The biomass pellets as a means to address climate change

leaf Tackling climate change is undoubtedly one of the greatest challenges we have to cover the energy utilization of biomass systems.
The dependence of the economy on fossil fuels and huge consumption for power generation, has been characterized by scientists and politicians as the basic factor for the worsening of the phenomenon of global warming, with all the known consequences (global average sea level, extreme weather events, etc.).
The neutrality of pellets to emissions of carbon dioxide (CO2) does not follow from the fact that they emit in burning this gas • this is impossible for any burning compound containing carbon. The friendliness of pellets for the environment resulting from the fact that their production of natural raw materials used (eg logging residues, sawdust, special crops) that their development absorb about the same amount of carbon dioxide as much as that emit when burnt. Consequently, the overall carbon dioxide balance in the air transport is roughly zero. Of course, there are several parameters to be taken into account for a tighter carbon balance calculations, such as the performance of the combustion system of pellets or energy consumption of the production units of such biofuels.
Several studies have been carried out throughout Europe during the last decade in order to clarify whether indeed the biomass pellets are fuel friendly to the environment than conventional fossil fuels. In a study of the state Department of Trade and Industry of Great. Britain (2003) which examined the carbon dioxide emissions of various fuels in the whole spectrum of life, it was found that per megawatt hour (MWh), the biomass pellets produce less than 5% of the corresponding emissions from petroleum. In comparison, not with natural gas (which "advertised" clean fuel), the same scientists have estimated that emissions of carbon dioxide from the pellets account for only 5.5%. Anyway, both oil and gas are, by definition, non-renewable fuels, in contrast to the biomass, also by definition, is a renewable fuel. The famous Environmental Protection Agency, USA (USEPA) refers to pellets wood as a renewable fuel made from compressed and dry wood or other biomass sources. It adds that the stoves using biomass pellets pollute so little that it is not necessary certification from the USEPA. (as is done with conventional wood stoves).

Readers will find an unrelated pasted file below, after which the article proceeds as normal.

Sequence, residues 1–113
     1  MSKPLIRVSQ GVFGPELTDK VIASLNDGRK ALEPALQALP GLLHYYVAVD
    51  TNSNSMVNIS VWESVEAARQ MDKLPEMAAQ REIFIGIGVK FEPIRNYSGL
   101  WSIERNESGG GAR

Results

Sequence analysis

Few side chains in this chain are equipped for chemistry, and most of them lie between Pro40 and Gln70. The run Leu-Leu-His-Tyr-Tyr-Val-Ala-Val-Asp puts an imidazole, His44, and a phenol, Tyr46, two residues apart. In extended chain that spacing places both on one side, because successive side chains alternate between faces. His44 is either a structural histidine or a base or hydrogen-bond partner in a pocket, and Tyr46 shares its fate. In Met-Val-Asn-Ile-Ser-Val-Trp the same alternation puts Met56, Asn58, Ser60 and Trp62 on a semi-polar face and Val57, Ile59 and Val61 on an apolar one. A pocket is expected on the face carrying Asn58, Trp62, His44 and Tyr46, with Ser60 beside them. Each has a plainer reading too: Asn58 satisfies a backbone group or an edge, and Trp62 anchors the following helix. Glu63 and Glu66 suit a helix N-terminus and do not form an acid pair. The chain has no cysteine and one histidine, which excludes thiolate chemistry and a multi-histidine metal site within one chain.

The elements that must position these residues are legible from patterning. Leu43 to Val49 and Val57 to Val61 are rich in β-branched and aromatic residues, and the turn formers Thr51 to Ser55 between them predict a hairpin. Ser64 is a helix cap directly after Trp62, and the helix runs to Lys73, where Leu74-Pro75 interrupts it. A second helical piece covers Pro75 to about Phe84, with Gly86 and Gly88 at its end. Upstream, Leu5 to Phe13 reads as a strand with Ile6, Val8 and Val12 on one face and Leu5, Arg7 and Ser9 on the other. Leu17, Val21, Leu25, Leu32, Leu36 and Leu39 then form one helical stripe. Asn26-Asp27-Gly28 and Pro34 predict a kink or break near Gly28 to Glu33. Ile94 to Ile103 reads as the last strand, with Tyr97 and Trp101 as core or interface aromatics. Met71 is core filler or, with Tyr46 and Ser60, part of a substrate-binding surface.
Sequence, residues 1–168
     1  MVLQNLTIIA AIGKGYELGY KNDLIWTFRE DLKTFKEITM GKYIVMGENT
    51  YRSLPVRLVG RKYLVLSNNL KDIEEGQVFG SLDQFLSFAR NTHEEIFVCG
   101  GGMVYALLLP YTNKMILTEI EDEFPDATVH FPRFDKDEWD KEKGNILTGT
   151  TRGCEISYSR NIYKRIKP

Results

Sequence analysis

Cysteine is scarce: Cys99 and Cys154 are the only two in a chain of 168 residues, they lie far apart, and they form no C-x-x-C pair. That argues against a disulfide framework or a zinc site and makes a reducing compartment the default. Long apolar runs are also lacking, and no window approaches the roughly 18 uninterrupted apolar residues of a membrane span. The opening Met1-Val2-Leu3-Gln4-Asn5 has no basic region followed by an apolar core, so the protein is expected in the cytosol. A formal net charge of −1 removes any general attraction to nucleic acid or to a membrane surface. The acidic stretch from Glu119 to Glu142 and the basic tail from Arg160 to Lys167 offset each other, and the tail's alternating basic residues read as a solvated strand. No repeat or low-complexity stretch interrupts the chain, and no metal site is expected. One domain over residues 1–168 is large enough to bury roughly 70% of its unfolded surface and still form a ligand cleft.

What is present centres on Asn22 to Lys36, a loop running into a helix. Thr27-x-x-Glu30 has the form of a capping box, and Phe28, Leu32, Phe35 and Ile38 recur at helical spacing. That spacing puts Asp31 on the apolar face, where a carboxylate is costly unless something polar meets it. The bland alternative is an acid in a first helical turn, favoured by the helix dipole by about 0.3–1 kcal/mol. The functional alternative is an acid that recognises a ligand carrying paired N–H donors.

Special Austrian Institute for Urbanization and Residence (Salzburger Institute for Urbanization and Housing) reported as a result of an investigation that an average household in Austria using pellets instead of oil for heating help protect the environment by reducing by 10 tonnes the quantity of carbon dioxide which emits annually.
The direct link between the use of pellets and environmental protection demonstrated in practice by the fact that the largest pellet consumption in countries and economically advanced and environmentally sensitive. These projecting, Sweden, the country with the highest consumption of biomass pellets in Europe, which, in fact, use more biomass fuel in 2009 to cover its energy needs. Global examples from formal, reputable institutions and studies that demonstrate the contribution of biomass pellets to reduce greenhouse gas emissions is too many. Carbon dioxide is not, however, the only product of combustion gas of concern.
Between the period 1980-2000 there was a sharp drop of emitted quantities of carbon monoxide (CO) from residential combustion systems • pellets which can be attributed to technological development of these systems. Similarly particulate matter (PM10) are also an important pollutant of the combustion of solid fuels. Similarly to the case of the carbon monoxide is so rapid developments in technology of combustion systems pellets to have achieved a reduction in the emitted particles of the order of 1% over twenty years. It is worth noting that for PM10 emissions from burning pellets is less than 5% of those released from conventional fireplaces with firewood.